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Seven Hallmarks of Good Holiday Behavior

Tis the season...The holidays can feel like you're partying like it is your job, and that very well might be true for the next few weeks. Here are the seven tenets of getting through the professional merriment with grace.

Give good small talk

Reading the headlines that day and brushing up on major world events allows you to keep pace with small talk and sound relatively well-informed. Avoid the loaded topics of politics and religion, and stick to the safe terrain of great events or exhibitions in the city, films or books. And of course, the hallmark of holiday small talk is, of course, where and how people are spending them. Make a point to strike up a conversation with people that you might not normally speak to.

Shake? Hug? Fist bump?

A firm handshake, eye contact, and a soft smile while introducing yourself will do. If you are unsure of where the greeting is going, the safest bet is to wait to see how the other person is approaching. A hug? Double kiss? Wait to take your cue to awkwardly avoid accidentally planting one on their lips. And unless the person you're greeting comes in for a fist bump, leave the college affectations for the kids. Your handshake should be accompanied by your first and last name when introducing yourself. If you struggle remembering names, try repeating the name of the person you just met ("nice to meet you, Rob"). You can try to draw some recall connections, like reminding yourself that Rob is wearing red.

Allow me to introduce...

Including everyone in the conversation is good form. If you notice someone has meandered over to your group and is milling about alone, take a moment to properly bring them into the fold. If you find yourself sandwiched between two colleagues, one junior, one senior, introduce up. If you introducing your intern to the president of your company, you would say, "Boss, may I introduce you to our newest intern, John". A person of high rank, importance or seniority (I know, I cringe at that too) is named first and receives the introduction. If you are introducing two peers that haven't met, providing some context can help the conversation along. For example, "I've been meaning to introduce you. John, meet Mike. You both spent time in Iceland last year."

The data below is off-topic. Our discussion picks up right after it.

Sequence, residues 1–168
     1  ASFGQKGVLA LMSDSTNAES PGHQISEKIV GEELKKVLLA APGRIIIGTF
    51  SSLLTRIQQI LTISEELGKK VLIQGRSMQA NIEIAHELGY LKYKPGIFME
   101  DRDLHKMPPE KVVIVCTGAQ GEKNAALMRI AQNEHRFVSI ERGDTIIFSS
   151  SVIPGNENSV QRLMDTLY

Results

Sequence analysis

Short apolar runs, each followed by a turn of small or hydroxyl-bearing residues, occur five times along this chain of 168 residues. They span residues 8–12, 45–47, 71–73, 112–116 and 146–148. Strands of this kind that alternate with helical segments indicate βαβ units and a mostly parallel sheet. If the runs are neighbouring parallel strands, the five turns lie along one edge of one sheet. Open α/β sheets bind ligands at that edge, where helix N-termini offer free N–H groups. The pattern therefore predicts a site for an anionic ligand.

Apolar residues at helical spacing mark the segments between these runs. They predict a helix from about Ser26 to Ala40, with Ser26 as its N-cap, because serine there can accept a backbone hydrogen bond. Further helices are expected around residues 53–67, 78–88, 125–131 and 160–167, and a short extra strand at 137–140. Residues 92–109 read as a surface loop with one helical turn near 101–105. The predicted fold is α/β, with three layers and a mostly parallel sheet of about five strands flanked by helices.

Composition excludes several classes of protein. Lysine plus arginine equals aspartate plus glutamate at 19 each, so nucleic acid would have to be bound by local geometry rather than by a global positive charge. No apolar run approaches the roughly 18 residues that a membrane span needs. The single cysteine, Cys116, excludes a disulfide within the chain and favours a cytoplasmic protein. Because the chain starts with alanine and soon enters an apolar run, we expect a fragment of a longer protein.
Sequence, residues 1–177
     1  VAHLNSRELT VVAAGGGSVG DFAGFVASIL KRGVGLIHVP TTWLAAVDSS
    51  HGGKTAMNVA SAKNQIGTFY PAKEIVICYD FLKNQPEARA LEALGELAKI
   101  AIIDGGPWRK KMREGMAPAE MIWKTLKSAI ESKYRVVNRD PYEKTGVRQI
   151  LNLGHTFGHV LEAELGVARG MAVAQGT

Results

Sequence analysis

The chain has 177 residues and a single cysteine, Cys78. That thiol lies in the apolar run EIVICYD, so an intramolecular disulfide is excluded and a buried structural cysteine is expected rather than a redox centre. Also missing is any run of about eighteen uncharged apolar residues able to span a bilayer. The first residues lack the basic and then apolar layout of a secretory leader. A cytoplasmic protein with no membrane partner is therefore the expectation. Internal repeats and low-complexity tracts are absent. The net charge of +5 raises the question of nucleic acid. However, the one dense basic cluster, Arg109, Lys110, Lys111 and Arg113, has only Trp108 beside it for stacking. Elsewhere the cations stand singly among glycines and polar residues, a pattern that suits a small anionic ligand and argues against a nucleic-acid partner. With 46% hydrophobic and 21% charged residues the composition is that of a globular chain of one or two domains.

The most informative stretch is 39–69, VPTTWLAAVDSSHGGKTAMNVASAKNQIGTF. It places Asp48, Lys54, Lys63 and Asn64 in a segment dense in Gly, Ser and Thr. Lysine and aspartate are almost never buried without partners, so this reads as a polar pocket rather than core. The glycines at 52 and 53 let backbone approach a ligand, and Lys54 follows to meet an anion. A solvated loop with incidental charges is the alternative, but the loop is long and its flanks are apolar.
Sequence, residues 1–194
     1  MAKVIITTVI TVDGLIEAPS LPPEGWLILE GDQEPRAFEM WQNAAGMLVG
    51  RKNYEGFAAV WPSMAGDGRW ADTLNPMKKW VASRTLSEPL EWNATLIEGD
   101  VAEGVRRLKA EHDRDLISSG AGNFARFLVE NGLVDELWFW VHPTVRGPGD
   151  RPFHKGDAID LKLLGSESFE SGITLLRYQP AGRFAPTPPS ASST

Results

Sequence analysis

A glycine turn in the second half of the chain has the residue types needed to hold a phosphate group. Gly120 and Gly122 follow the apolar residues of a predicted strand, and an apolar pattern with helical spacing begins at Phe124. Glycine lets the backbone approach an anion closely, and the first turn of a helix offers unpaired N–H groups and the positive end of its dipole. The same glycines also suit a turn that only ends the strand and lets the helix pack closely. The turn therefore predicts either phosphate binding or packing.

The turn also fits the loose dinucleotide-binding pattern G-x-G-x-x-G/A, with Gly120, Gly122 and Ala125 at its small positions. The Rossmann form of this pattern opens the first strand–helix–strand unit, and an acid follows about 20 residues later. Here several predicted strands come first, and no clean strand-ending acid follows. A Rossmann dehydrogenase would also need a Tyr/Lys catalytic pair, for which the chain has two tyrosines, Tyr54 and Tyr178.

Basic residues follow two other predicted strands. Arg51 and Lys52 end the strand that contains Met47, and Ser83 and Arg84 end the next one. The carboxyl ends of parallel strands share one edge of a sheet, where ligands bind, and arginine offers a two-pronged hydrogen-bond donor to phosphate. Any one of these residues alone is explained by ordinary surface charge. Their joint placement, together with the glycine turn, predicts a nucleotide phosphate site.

Don't let the time of year be a crutch for naughty behaviour

Yes, the plethora of open bar work functions can be fun, but it's not a license to get drunk in front of your colleagues. Nor does the business of the season make it ok to have your face buried in your phone so that you can squeeze in a quick email or two during cocktail banter. Be present and actually engaged in the conversation you're having.

Cheque, please

Had a lovely holiday lunch with clients and are ready to wrap up? When the bill comes, they who did the inviting typically grabs the cheque -- though to hell with that custom if grabbing the bill saves you from an awkward moment. And in the presence of clients (or anyone whose respect you'd like to keep in good standing) Instagramming your lunch is absolutely verboten.

Imbibe, as you like

There will always be one person who has too much to drink, and for an entire year will be known as "that person at last year's office party who embarrassed themselves". Don't let that person be you. If you want to enjoy a drink or two with your colleagues, do enjoy some cheer, but don't overdue it. Alcohol loosens inhibitions (in case you didn't get the memo) and you might do something you later regret.

Or don't imbibe at all

If, for whatever reason, you don't want to drink (a not-yet-announced pregnancy or you've simply had enough for the night), but feel that you have to keep up appearances, here's a tip: excuse yourself to use the washroom and discretely ask your bartender to serve your vodka martini with no vodka. They'll pick up what you're putting down. You'll get a refreshing glass of water that looks like a proper drink, and less of a hangover, to boot.

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